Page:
BUYING HUD HOMES
Real Living Petkus has been awarded by Sage Acquisitions LLC (www.SageAcq.com) the designation of HUD Listing Broker in the State of Ohio. If you are interested in purchasing a HUD home either as an owner occupant or an investor, contact us at 937-241-6080 or email: molly.petkus.com. We can help you!
To assist you in understanding the process of purchasing a HUD home, the following information is provided. To learn more about HUD Homes or to perform a search, visit HUD’S website at www.hudhomestore.com.
HUD Home Store is the listing site for HUD real estate owned (REO) single-family properties. This site provides the public, brokers, potential owner-occupants, state and local governments and nonprofit organizations a centralized location to search the inventory of HUD properties for sale. In addition, registered real estate brokers and other organizations can place bids on behalf of their clients to purchase a HUD property. HUD Home Store also includes many informative user-friendly features providing advice and guidance for consumers on the home buying process. Frequently Asked Questions (FAQs) are available online for:
Real Estate Agents
Members of the Mortgage Industry
Nonprofit Organizations and Government Entities
What is a HUD Home?
A HUD home is a 1-to-4 unit residential property acquired by HUD as a result of a foreclosure action on an FHA-insured mortgage. HUD becomes the property owner and offers it for sale to recover the loss on the foreclosure claim.
The following information is provided as an introduction to the process through which HUD homes can be purchased. You can either scroll down the page, or access specific topics through the following topic menu. Additional links provided in the menu to the right provide access to FHA program and policy information for homeowners, homebuyers, and members of the mortgage lending and real estate industry.
Who Can Buy a HUD Home?
Anyone who has the required cash or can qualify for a loan (subject to certain restrictions) may buy a HUD Home. HUD Homes are initially offered to owner-occupant purchasers (people who are buying the home as their primary residence). Following the priority period for owner occupants, unsold properties are available to all buyers, including investors.
Should I Get a Home Inspection?
HUD does not warrant the condition of its properties and will not pay for the correction of defects or repairs. Since the new owner will be responsible for making needed repairs, HUD strongly urges every potential homebuyer to get an inspection from a licensed professional home inspector prior to submitting an offer to purchase.
If you are interested in acquiring a HUD Home that is in need of repair, you may be interested in applying for an FHA 203(k) Rehabilitation Loan. When a homebuyer wants to purchase a house in need of repair or modernization, the homebuyer usually has to obtain financing first to purchase the dwelling; additional financing to do the rehabilitation construction; and a permanent mortgage when the work is completed to pay off the interim loans with a permanent mortgage. Often the interim financing (the acquisition and construction loans) involves relatively high interest rates and short amortization periods. FHA's 203(k) Rehabilitation Loan is designed to address this situation. The borrower can get just one mortgage loan, at a long-term fixed (or adjustable) rate, to finance both the acquisition and the rehabilitation of the property.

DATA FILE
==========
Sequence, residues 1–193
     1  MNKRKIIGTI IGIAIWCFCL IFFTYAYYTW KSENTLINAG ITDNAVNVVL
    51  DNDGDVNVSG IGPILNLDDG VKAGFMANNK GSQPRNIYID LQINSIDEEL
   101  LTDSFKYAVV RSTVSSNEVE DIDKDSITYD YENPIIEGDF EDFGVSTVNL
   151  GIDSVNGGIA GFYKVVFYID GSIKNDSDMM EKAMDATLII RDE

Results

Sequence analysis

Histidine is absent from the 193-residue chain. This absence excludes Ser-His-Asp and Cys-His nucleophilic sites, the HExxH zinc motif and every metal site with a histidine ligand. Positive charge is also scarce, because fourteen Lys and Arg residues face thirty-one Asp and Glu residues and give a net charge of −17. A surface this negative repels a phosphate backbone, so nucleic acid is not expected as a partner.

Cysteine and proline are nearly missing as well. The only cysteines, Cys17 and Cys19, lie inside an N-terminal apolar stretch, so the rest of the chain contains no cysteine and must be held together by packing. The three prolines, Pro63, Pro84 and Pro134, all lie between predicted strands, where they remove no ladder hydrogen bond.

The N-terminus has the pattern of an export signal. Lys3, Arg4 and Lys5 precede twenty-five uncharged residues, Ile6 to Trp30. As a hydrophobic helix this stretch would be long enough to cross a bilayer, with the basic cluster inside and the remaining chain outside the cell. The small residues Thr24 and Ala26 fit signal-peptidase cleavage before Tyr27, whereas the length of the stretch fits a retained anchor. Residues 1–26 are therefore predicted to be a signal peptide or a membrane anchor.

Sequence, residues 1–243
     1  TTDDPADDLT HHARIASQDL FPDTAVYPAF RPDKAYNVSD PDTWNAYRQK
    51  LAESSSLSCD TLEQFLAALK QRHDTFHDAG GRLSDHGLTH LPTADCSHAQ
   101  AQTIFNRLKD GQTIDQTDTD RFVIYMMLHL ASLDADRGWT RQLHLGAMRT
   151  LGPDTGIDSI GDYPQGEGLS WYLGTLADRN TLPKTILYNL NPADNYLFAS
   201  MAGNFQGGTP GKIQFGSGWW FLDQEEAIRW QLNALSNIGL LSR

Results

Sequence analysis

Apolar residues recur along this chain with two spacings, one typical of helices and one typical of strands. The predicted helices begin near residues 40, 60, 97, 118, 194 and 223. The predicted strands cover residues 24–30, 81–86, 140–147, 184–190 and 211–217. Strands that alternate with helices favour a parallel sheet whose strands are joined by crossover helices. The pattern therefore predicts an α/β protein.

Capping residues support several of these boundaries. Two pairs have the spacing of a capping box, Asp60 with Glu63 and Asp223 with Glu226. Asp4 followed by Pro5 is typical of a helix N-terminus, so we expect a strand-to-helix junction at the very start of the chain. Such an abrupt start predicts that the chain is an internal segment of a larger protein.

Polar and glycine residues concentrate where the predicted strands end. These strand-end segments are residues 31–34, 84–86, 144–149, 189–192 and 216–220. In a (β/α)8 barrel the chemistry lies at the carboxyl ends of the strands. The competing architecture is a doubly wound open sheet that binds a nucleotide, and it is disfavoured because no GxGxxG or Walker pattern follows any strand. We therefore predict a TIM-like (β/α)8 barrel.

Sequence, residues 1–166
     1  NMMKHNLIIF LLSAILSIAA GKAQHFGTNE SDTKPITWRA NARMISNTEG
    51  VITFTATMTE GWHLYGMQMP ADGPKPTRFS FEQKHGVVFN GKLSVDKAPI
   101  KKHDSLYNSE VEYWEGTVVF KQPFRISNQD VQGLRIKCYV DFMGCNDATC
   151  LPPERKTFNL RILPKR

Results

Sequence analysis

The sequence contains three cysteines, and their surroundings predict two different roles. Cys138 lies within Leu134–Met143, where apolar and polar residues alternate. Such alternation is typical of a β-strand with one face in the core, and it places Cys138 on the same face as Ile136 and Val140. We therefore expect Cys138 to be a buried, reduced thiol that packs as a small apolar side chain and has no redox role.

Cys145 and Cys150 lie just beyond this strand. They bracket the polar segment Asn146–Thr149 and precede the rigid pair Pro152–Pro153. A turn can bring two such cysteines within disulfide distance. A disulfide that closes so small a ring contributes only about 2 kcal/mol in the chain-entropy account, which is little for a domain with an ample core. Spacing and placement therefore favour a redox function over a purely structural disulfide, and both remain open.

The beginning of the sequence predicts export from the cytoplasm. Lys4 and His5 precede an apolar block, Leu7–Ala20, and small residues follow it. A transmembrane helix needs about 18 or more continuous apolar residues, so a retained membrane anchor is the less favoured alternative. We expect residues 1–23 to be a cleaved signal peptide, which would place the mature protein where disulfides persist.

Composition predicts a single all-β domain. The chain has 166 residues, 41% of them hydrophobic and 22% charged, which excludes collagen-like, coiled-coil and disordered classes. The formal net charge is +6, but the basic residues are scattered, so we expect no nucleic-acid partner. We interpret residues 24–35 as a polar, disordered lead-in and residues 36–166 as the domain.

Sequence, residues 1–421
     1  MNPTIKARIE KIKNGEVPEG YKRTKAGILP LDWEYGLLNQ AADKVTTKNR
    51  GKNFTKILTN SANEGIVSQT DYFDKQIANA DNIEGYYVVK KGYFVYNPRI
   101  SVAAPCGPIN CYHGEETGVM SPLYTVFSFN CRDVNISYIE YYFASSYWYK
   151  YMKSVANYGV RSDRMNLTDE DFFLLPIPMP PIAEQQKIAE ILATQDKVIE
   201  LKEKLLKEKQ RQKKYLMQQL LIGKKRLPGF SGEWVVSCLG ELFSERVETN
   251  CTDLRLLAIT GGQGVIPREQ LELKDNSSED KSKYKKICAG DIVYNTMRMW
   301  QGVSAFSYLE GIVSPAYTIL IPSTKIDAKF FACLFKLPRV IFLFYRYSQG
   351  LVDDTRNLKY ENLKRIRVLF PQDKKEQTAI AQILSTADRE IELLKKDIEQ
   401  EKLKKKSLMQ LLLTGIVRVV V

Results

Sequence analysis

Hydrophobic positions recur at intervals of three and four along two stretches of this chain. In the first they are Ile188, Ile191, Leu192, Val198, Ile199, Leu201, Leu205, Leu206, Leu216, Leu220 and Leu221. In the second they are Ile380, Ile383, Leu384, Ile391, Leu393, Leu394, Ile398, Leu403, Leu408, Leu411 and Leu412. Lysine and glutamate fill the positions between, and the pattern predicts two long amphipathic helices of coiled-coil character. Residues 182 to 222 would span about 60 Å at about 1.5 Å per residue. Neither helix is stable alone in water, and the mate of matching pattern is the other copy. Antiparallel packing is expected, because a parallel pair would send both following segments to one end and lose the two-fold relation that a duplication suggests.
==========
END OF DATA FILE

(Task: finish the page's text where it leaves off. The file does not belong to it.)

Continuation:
What About Financing?
HUD does not provide direct financing to buyers of HUD Homes. Buyers must obtain financing through either their own cash reserves or a mortgage lender. If you have the necessary available cash or can qualify for a loan (subject to certain restrictions) you may buy a HUD Home. While HUD does not provide direct financing for the purchase of a HUD Home, it may be possible for you to qualify for an FHA-insured mortgage to finance the purchase.
Does FHA Offer Any Special Discount Sales Programs?
FHA REO properties located in designated Revitalization Areas are available at a reduced sales price to law enforcement officers, teachers, firefighters, emergency medical technicians, nonprofits and local governments. Read more about these Good Neighbor Next Door Initiatives. You can also view maps of REO properties and special programs such as Revitalization Areas with HUD's Single Family Home Locator.
Where Can I Learn About Available HUD Properties?
Any single family property acquired by HUD FHA will display a sign identifying who is managing the property before it is listed for sale. During this time the property is appraised, title issues are resolved, if necessary and a determination is made about the property's eligibility for HUD's discount sales programs. Property listings are posted on HUD Home Store. For more information, contact Molly Petkus, CRS at Real Living Petkus Realtors at (937)241-6080 or email: firstname.lastname@example.org.
HUD Home Store Frequently Asked Questions (FAQs): Consumers and the General Public
1. What is HUD? The U.S. Department of Housing and Urban Development. Please visit www.HUD.gov for additional information.
2. Do I need a realtor to place a bid for me? Yes, please contact a broker who is registered to bid with HUD.
3. How do I find a property to bid on? Log onto www.hudhomestore.com to search for available HUD properties.